Write Now with Michael McAuliffe

How a former State Attorney and Federal Civil Right’s Prosecutor published a novel thirty-years after forming the idea

Write Now with Michael McAuliffe
Photo Courtesy of Michael McAuliffe

Who Are You?

I’m Michael McAuliffe. I’ve been a practicing lawyer for thirty years. I’m based in South Florida (West Palm Beach), but also live part-time in Chilmark, Massachusetts. I’m married to a federal judge and we have three children.

What Do You Write?

Three years ago, I decided to pursue writing legal-related fiction and teaching so I set some specific goals. My debut novel No Truth Left To Tell is one of the results of that commitment. I also teach law to students as an adjunct professor at William & Mary Law School and as a senior lecturing fellow at Duke University School of Law. I still maintain a boutique law practice, but I control the number and nature of my clients to accommodate, when possible, my writing and teaching adventures.

I love engaging others about law-related issues from the perspective that one doesn’t need a law degree to have a view about the law or have a stake in the legal system. My novel is my attempt to contribute to the national conversation about race, civil rights, the rule of law, and criminal justice. I wanted to use my experiences as a federal civil rights prosecutor (and an elected state attorney) to create compelling stories about people and their attempts to find their places in the world. Some are successful and happy in the journey, while others grow resentful and harden their beliefs. That’s the usual source of the conflict and drama in my stories.

I don’t avoid any issue or topic, but I always am mindful to treat sensitive or controversial subjects with respect. My purpose in writing is to educate, move, and challenge, not insult, mock or injure. I also remember that my children (adult) will be reading what I write.

Photo Courtesy of Michael McAuliffe

Where Do You Write?

I write almost exclusively on my MacBook Air. I can write almost anywhere but prefer my home in Chilmark. I sit at my kitchen table there, look over at a pond and often see wild turkeys, deer and a resident rabbit.

One habit I have as a writer is that when I think of phrases, character traits or an event, I send them in an email to myself in order to preserve the idea. Some die before delivery, while others arrive very much alive with possibility.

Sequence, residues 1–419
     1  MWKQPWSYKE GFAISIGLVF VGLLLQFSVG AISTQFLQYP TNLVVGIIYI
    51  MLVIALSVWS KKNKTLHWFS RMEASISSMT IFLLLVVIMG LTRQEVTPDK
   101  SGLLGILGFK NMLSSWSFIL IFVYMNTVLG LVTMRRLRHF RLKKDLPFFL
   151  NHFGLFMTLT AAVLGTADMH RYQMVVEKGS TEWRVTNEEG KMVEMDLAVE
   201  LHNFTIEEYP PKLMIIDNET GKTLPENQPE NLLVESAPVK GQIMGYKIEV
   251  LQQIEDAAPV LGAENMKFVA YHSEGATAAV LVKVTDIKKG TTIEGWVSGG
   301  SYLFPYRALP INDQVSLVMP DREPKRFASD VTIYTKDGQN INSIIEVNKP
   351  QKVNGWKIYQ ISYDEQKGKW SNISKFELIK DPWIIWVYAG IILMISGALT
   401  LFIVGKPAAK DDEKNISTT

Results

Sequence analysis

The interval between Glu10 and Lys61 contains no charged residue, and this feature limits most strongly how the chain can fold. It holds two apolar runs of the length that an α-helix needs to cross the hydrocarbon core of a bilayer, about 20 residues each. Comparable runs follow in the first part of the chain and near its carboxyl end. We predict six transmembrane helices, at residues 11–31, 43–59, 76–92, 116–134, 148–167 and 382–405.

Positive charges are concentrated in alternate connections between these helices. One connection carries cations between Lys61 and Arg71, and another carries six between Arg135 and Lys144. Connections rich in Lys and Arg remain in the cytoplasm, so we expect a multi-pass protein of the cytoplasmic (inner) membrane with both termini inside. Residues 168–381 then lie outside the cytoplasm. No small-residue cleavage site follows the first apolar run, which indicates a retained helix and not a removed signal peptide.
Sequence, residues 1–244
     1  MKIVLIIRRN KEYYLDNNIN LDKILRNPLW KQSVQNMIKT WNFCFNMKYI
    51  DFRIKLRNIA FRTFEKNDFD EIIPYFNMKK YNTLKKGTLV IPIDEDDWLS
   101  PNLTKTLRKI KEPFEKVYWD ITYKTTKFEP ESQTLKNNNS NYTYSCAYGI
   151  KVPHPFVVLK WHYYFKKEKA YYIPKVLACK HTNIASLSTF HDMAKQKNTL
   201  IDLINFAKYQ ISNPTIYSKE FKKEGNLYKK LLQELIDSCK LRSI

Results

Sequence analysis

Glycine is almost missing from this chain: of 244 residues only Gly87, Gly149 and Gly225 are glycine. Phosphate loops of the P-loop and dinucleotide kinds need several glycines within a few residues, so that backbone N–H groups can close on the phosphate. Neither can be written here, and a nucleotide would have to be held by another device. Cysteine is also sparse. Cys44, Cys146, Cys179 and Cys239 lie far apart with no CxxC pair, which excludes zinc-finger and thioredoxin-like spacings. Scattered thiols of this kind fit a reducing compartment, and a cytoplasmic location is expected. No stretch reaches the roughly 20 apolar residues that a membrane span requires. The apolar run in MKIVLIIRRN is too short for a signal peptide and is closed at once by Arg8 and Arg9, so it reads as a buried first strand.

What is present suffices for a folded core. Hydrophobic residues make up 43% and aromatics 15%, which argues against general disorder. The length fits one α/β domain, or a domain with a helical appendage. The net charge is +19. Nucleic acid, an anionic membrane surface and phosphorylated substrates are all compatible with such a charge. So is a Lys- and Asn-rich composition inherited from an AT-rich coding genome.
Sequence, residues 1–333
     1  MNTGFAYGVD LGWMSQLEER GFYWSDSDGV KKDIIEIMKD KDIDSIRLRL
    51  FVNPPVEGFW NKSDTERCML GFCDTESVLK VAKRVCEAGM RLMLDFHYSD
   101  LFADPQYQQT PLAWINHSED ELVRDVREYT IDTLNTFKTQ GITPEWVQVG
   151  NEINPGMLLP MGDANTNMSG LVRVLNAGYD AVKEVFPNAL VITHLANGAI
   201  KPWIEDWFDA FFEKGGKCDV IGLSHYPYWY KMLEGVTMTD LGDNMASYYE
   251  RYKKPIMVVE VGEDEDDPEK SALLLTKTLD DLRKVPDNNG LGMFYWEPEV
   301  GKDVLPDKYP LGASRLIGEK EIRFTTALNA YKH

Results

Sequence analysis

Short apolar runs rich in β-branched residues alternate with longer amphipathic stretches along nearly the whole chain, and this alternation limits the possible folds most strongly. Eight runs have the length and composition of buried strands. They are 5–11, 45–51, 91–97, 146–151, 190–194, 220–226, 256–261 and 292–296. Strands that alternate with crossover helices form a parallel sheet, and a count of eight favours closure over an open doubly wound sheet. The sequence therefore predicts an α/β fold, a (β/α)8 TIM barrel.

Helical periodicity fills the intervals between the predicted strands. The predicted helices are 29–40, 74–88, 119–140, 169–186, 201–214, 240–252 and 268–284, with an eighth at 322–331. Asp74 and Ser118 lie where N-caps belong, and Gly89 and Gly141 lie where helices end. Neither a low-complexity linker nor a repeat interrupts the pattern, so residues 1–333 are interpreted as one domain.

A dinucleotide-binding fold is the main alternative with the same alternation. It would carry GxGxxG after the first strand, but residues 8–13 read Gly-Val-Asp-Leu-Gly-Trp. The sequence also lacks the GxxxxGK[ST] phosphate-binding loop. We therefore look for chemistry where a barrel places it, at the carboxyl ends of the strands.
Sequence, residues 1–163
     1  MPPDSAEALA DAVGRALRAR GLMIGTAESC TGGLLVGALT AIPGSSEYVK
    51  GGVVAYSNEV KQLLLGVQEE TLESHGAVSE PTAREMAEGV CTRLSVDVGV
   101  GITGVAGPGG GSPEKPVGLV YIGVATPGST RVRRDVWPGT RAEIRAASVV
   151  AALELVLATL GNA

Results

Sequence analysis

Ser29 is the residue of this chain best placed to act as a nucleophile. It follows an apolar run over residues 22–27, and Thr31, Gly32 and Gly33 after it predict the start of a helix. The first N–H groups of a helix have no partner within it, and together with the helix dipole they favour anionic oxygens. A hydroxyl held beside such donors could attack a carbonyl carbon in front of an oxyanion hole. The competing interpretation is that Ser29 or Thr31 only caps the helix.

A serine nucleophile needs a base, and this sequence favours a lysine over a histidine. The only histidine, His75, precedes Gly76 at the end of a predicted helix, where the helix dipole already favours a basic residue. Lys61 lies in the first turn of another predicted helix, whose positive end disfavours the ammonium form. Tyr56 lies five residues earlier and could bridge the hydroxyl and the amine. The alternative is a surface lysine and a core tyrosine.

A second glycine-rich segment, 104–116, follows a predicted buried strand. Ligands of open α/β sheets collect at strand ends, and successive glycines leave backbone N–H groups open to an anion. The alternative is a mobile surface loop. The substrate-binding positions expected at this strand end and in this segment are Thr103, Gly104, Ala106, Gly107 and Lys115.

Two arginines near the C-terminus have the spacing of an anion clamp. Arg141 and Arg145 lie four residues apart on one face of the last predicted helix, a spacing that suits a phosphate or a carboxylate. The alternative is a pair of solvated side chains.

When Do You Write?

I write alone and usually in silence, although occasionally I will get up, play music and wander about the room. I write until the motivation of the moment or session fades, and I face the fact that I’m not creating anything of interest. I write at all times of the day and night. I often ruminate about what I’ve written and allow the passages to get tossed in my mind while I’m doing something else. It’s an unusual method of work, but I think it works well for me. It’s like exercising in my sleep — a good trick if one can pull it off.

Why Do You Write?

I genuinely want to connect with others through the stories. I approach writing the same way I approach reading — creating a bridge with an idea or a character or an act. I wanted to write the story in No Truth Left To Tell for almost thirty years. I believed it was a worthy story to share, but life took me in other directions for a time.

When I read a book that resonates with me, I feel a sense of wonder that the author could move me so directly — so personally — from such a distance. I am inspired by that notion.

How Do You Overcome Writer’s Block?

I stop writing until something compels me to return to the story. I can sit for five minutes or five hours; I don’t set limits, but they seem to appear anyway.

Bonus: What Do You Enjoy Doing When Not Writing?

I climb mountains and hike. Since turning forty, I’ve climbed and reached the summits of Aconcagua (highest peak in the Western Hemisphere at 22,841 ft.), Denali (highest peak in North America at 20,230 ft.), Kilimanjaro (with my oldest daughter and the highest peak in Africa at 19,341 ft.), Imja Tse/Island Peak in the Himalayas (20,305 ft. — entry level for that area), and many other mountains in the Rockies, the Cascades, the Andes and the Alaska range.

A version of this article also appeared on Medium.